“The Troubles” is the foreboding name that is used for the period of violence that plagued Northern Ireland between the late sixties and the late nineties which saw Irish Republicans (more often than not Catholics) and Ulster Unionists (more often than not Protestants) in a state of conflict.
By the turn of the eighties Northern Ireland had become ghettoized between the Catholic and Protestant communities with the “trespassing” into one by a member of another often resulting in physical assault or death. The fifth of February marked the twentieth anniversary of the Sean Graham’s Bookmakers shop murder; in which 5 innocent Catholics were shot dead by UVF gunmen in a small Bookmakers on the Lower Ormeau road, South Belfast.
At 2.26pm on Wednesday 5th February 1992 two armed and masked gunmen entered the Sean Graham’s Bookmakers shop on the Lower Ormeau Road and started to open fire indiscriminately. When they left 12 of the 13 patrons were shot; four lay dead whilst others lay seriously wounded. The inside of the Bookmakers was described as “absolute carnage” by one witness, with the choking gun smoke, dead bodies and the screams of the injured assaulting the senses of whoever entered. By the early evening the dead were confirmed as Jack Duffin aged 66, Willie McManus aged 54, Christy Doherty aged 52, Peter Magee aged 18. The final fatality James Kennedy aged 15, died upon arrival at the hospital. Seven other men were shot as well, four of whom went into intensive care. The Ulster Freedom Fighters (UFF) claimed responsibility for the attack, the UFF was a cover name for the (legal) Ulster Defense Association. The atrocity struck to the very heart of the Catholic community in which it happened and left indelible scars, scars that would deepen as the years rolled by and justice eluded the perpetrators.
Relatives For Justice (RFJ), a Pressure Group involved with providing support and working with relatives of people bereaved, injured or affected by alleged state and state sponsored violence during the Troubles, has recently published a report on the atrocity which divulges some damning evidence of British state collusion with armed Ulster thugs; collusion which lead directly to the atrocity at the Sean Graham Bookmakers. The report’s findings also uncover a series of episodes which place the Police and security forces as hindering the subsequent investigation.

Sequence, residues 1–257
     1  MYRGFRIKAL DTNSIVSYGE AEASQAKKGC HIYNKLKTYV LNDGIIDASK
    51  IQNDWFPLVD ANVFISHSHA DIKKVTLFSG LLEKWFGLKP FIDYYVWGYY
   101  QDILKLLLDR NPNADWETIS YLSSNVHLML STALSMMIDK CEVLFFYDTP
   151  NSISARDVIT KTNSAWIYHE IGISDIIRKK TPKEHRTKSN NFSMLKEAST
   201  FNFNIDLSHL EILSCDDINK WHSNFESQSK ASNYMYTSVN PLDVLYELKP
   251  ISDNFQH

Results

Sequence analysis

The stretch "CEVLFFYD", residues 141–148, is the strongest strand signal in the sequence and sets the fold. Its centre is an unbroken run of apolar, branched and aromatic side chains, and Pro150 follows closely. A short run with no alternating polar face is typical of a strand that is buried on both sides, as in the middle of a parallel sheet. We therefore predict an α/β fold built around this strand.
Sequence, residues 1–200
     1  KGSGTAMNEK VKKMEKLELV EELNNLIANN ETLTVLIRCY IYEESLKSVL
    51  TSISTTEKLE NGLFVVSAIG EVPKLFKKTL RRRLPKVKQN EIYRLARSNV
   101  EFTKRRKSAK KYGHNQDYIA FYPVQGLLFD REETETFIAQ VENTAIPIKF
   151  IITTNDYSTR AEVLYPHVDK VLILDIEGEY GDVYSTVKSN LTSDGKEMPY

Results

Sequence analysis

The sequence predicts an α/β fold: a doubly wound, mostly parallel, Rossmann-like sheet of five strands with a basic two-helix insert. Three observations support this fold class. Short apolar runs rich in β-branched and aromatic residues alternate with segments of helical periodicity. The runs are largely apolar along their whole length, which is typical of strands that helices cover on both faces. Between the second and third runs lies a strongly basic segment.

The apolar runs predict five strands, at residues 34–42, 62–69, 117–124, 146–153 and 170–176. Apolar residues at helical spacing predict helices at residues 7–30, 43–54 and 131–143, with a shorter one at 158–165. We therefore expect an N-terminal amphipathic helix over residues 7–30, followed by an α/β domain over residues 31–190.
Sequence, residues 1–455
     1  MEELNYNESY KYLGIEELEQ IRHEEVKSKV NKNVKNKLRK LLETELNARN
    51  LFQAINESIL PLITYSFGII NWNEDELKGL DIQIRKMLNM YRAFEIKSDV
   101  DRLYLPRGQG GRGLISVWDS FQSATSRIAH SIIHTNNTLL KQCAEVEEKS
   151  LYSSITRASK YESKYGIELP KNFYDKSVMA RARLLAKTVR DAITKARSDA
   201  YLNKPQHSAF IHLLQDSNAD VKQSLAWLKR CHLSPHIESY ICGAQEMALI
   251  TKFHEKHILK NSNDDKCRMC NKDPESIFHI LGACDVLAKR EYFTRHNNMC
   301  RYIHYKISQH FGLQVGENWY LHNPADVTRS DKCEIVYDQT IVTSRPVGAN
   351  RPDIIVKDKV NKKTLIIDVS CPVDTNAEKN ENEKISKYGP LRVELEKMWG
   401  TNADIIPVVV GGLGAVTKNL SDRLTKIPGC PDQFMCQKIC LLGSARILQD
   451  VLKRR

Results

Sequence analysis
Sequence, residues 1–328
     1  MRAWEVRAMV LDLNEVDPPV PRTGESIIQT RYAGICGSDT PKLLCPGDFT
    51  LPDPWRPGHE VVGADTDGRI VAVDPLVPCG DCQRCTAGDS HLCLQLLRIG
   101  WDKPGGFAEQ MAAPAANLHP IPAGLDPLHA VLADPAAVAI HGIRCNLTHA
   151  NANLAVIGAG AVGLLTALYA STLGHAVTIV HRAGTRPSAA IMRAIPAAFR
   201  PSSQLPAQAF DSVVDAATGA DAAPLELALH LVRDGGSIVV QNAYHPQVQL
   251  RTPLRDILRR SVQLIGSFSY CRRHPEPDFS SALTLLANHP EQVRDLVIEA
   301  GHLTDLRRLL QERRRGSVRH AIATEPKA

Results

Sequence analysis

Brian Nelson, AKA 1033 to his special branch handlers, was a chief intelligence officer for the UDA as well as an agent for the British Northern Ireland Intelligence Corps. He oversaw the shipment of a number of firearms and munitions from Apartheid South Africa in 1989, included in this was a number of VZ 58 assault rifles. By 1992 Loyalists were responsible for the bulk of attacks in the North and the weapon of choice was the VZ 58 and it is understood that, despite two thirds of these weapons being seized, many were left unaccounted for and were subsequently dispersed among the Loyalist armed units; A VZ 58 was used in the attack on the Sean Graham Bookmakers. Regardless of the persistent attempts by the families of the victims, Relatives for Justice, lawyers and politicians the Royal Ulster Constabulary (RUC) refused to provide any details of the weapons used in the attack.
There was a clear discrepancy in the RUCs policy of disclosing information relating to murder weapons as information pertaining to Republic anattacks were released within days, further emboldening the belief in the Republican communities of Northern Ireland that the British were aiding Ulster terror cells. According to the Stevens Enquiry, another Special Branch agent called William Stobie, who was also a UDA north Belfast Quartermaster, passed four weapons onto his special branch handlers; one of which was the Browning 9mm used in the Bookmakers attacks. The Browning was supposedly “deactivated” by Special Branch before being returned to Stobie. It is now obvious that Special Branch either did not discharge the firearm properly, or lied about it, as the weapon was used for a sectarian attack on 22nd December 1991, in which Aidan Wallace, aged 22, was killed. The Browning was also one of the firearms used in the Sean Graham Bookmakers attack.